Time Is a Circle

Ambrosia Is Back to Selling Transfusions of Young People’s Blood

What is dead may never die.

11. 9. 19 / Dan Robitzski
Image via Pixabay
Image by Image via Pixabay

Ambrosia Health is back.

Following a brief shuttering — and then a rebranding effort during which it was known as Ivy Plasma — the “young blood” clinic has gone back to its roots: selling plasma sourced from the blood of 16- to 25- year-olds to healthy patients who believe the transfusions can give them ill-defined health benefits.

“People really like the Ambrosia name and brand, so Ambrosia is going to continue,” Ambrosia founder and young blood advocate Jesse Karmazin told OneZero. “The resounding response from people wanting to sign up was, ‘keep things the same.’ So that’s what we’re going to do.”

With the return to its original branding, Ambrosia is also embracing a new business model.


When it was Ivy Plasma, the clinic offered transfusions in San Francisco and Tampa. It since shuttered the clinic in Tampa, but Karmazin told Futurism that Ambrosia will ship plasma directly to any customer’s doctor so they can get their dose of young blood without having to fly to California.

“We use overnight shipping to deliver the plasma to patients’ doctors offices, and provide training for the doctors to infuse it,” Karmazin told Futurism last month. “This way, the number of patients we are able to serve has increased dramatically. I don’t operate a blood bank.”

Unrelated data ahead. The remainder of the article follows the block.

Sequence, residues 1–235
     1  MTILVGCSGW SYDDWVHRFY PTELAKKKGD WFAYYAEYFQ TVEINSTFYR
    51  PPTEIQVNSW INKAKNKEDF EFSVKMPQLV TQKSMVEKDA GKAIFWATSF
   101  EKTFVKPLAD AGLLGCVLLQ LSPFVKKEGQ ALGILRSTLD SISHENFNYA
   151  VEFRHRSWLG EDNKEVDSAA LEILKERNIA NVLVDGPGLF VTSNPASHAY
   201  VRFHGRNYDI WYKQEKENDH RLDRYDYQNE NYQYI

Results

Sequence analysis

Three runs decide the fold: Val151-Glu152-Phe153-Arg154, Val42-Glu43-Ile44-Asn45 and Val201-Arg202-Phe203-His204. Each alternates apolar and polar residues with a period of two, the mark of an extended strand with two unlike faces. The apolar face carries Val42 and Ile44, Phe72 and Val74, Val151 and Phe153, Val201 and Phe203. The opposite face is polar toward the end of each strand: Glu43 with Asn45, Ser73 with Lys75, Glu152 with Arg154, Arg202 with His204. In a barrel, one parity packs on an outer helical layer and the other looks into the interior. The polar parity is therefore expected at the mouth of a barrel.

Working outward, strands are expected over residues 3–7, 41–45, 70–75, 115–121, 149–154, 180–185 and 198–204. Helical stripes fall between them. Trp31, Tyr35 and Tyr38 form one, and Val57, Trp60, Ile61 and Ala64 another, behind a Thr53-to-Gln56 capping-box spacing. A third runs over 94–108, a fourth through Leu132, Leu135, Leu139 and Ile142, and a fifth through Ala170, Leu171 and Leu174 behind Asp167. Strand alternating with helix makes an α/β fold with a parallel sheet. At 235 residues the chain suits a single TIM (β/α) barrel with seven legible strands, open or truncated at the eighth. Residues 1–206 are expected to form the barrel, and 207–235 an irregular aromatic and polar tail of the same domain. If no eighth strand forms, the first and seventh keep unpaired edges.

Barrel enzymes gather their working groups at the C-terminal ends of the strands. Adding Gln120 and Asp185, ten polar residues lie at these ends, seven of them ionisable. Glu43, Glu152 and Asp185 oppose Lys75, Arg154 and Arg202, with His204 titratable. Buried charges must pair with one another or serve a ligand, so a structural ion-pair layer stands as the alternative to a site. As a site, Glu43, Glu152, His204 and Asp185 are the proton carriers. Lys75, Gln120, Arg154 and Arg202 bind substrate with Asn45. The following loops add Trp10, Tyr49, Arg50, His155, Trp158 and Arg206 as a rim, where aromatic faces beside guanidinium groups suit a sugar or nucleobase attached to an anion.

Ambrosia’s checkered, on-again-off-again status was spurred by an FDA statement issued in February in which the regulatory agency warned that transfusions of young blood didn’t have any of the health benefits — especially enhanced youthfulness, improved longevity, or reversed memory loss — that advocates claimed it did.

In slightly more words, the FDA essentially called young blood transfusions dangerous scams.


Because of the FDA warning, Karmazin’s clinic offered off-label treatments when it resurfaced as Ivy Plasma. That meant that customers could get their treatments if they desired, but they did so at their own risk and then-Ivy Plasma wasn’t legally permitted to claim it would do them any good.

That practice continues today in the newly rebranded Ambrosia, according to OneZero. But the clinic’s updated website includes more details about the treatment.

“Our treatment has been found to produce statistically significant improvements in biomarkers related to Alzheimer’s disease, cancer, inflammation, and stem cells in our clinical trial,” the website reads. “Patients have reported subjective improvements in athletics, memory, skin quality, sleep, and other areas.”

When asked whether the FDA’s rules had grown more lenient, Karmazin told Futurism he had consulted with the agency as well as “a number of lawyers” and wasn’t worried about the claims made on his website.


“I’m comfortable with going ahead and offering this treatment commercially to patients,” he told OneZero. 

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